The following information is taken from The Quilter's Negative Space Handbook by Sylvia Schaefer.
What Is Negative Space?
In art, negative space is defined simply as the space surrounding or in between the subject or subjects of the artwork, and it’s every bit as important as the positive space, which is occupied by the subject. The point of negative space is to give the eye a place to rest, but it should also help the eye move across the piece and draw attention to the main subject.
The bricks that the shoes rest on are the negative space. There is plenty of detail in the bricks, yet they are clearly not the focus of the painting.
The walls are part of the negative space; the tablecloth is too, since it fills the space between the real subjects of the painting, the apples.
When it comes to quilts, it’s easiest to think of negative space as the background of your quilt. This could be the background of the quilt as a whole or just the background within individual blocks. Many beloved traditional quilt designs incorporate negative space, often within a block.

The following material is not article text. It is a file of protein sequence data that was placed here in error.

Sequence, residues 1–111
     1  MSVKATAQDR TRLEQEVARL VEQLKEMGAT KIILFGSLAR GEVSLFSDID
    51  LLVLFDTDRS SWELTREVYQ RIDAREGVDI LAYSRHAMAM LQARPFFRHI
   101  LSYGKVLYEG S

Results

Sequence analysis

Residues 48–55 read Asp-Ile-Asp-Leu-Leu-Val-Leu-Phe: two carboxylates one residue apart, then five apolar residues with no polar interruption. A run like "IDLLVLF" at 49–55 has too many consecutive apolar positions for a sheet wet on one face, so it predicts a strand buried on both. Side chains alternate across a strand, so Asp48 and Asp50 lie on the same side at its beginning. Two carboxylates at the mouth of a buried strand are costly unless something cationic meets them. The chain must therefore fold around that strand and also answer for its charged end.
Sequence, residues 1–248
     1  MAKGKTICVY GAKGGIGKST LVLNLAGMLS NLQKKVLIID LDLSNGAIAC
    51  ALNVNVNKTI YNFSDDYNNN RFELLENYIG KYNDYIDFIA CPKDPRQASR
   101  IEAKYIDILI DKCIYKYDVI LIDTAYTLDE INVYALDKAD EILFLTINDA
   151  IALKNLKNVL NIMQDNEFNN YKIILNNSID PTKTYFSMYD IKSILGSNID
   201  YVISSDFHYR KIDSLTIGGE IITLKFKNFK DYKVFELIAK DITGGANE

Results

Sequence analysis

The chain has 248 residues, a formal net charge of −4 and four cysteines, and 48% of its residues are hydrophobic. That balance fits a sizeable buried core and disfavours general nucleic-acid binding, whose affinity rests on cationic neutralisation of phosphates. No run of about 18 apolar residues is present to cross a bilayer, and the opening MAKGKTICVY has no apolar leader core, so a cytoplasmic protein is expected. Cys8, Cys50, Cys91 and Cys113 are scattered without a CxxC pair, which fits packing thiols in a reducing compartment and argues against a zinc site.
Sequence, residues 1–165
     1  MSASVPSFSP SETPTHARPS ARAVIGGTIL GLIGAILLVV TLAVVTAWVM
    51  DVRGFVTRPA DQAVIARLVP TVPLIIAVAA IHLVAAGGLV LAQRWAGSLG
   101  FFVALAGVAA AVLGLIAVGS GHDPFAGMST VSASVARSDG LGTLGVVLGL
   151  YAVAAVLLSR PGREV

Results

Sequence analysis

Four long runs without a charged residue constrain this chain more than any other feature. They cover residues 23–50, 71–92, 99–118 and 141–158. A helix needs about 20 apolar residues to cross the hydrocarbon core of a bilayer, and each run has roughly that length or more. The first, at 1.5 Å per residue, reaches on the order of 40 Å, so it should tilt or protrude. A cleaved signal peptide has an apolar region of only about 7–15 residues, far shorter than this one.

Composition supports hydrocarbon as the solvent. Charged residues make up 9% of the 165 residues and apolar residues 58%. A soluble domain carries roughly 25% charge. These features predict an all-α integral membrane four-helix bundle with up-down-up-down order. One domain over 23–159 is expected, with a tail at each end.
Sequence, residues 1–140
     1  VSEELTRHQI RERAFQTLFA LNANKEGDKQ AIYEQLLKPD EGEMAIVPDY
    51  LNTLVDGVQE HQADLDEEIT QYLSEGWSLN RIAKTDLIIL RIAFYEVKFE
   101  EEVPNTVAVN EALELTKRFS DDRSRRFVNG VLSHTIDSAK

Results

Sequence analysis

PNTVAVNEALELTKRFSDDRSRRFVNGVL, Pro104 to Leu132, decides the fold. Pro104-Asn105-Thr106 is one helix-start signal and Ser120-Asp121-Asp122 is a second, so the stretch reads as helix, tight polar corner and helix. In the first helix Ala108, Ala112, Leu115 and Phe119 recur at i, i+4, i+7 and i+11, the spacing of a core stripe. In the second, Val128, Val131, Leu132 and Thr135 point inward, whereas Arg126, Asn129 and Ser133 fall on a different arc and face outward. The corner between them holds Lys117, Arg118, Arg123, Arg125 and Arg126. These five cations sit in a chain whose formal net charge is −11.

Modern art and design, where negative space is also sometimes referred to as white space, place a particular emphasis on minimalism, and extended areas of negative space are common. Modern quilts, too, often have expansive negative space. While definitions of modern quilting range all over the place, a quilt with extensive negative space, particularly if that negative space is asymmetrically arranged, tends to read as modern.
This is a traditional pattern, but it incorporates large areas of white negative space across the whole quilt.
The colors clearly reads as foreground with the white as background or negative space.
Negative space can be used in any type of quilt!